Social media is proving to be a battleground for hunting once again.
In recent years, quite a number of hunters – especially women – have been targeted online after posting photos of themselves with the game they’ve legally taken. The victims have ranged from celebrities to everyday hunters. Many received death threats, with people going so far as to post personal information, such as their home addresses.
Most recently, a woman named Rebecca Francis has even had people suggest raping her children since she posted photos of herself posing with a giraffe she shot. She’s defended shooting the animal, which she said was utilized by local villagers for its meat, bones and more.
Now, though, some people want to just keep hunters from being allowed to post hunting photos to Facebook in the first place.
A man from London named Ollie Raison is behind a petition on change.org that calls on Facebook to prohibit the posting of photos of hunters with their trophies. It’s gotten almost 16,000 signatures.
In his petition, Raison tries to define what he wants, and what he doesn’t.
“This is not an anti-hunting petition,” he wrote. “You have a legal right to hunt. What this petition is trying to achieve, is to have Facebook acknowledge that certain images are not suitable for social media. This includes glorifying hunting by posing for smiling photos with ‘trophies.’”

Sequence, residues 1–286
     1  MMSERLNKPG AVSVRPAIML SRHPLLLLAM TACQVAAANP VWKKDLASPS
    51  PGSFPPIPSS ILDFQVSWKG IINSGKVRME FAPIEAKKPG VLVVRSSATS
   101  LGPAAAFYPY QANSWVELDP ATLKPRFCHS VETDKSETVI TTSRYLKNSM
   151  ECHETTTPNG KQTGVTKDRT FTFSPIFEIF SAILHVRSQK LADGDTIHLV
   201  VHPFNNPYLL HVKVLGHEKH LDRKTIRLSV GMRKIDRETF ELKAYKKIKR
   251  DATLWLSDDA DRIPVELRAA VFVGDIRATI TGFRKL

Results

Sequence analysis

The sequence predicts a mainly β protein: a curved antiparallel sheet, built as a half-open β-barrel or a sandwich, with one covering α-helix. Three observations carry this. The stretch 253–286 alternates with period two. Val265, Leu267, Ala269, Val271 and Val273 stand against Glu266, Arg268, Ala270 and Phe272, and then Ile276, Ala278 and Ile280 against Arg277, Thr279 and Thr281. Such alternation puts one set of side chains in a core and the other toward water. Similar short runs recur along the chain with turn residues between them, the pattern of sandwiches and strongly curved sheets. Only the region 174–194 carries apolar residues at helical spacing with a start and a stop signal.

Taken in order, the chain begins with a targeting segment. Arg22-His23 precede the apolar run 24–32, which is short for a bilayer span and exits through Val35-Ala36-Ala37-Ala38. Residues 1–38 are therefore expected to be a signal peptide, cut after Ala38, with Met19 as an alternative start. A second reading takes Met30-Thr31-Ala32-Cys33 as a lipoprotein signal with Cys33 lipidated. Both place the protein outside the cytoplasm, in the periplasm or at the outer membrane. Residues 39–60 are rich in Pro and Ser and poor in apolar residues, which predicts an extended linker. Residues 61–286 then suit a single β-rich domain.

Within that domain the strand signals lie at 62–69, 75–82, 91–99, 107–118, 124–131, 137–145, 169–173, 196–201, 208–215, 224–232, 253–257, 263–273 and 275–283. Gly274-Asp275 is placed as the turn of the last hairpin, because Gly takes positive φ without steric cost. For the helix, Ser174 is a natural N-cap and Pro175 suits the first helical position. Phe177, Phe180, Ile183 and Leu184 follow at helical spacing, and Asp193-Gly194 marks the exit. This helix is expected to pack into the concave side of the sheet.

He seems especially upset that people may accidentally come across photos they don’t like, and can’t do anything to get them taken down.
“As it currently stands, although Facebook allows users to report certain photos, there is nothing to allow Facebook users to report these particular images, which are incredibly offensive to an awfully large amount of people,” Raison writes..
One national sportsmen’s group said it’s OK that Raison and some other people don’t like hunting. But that doesn’t meant they should have the right to decide who gets to put what on Facebook and other social media platforms, added the U.S. Sportsmen’s Alliance.
“Not everyone has to agree with our hunting heritage and way of life, but that doesn’t mean we should allow ourselves to be censored due to the radical opinions of anti-hunters,” the group said in a statement.
“Humans have been sharing stories of the hunt through visual means since man first painted scenes on the walls of caves 40,000 years ago,” added the group’s digital media specialist, Cam Pauli. “Sharing our success and passion for the outdoors is an integral part of who we are as a hunting community. Social platforms like Facebook allow us to celebrate the hunt with friends and family as people did thousands of years ago. The medium has changed, people haven’t.”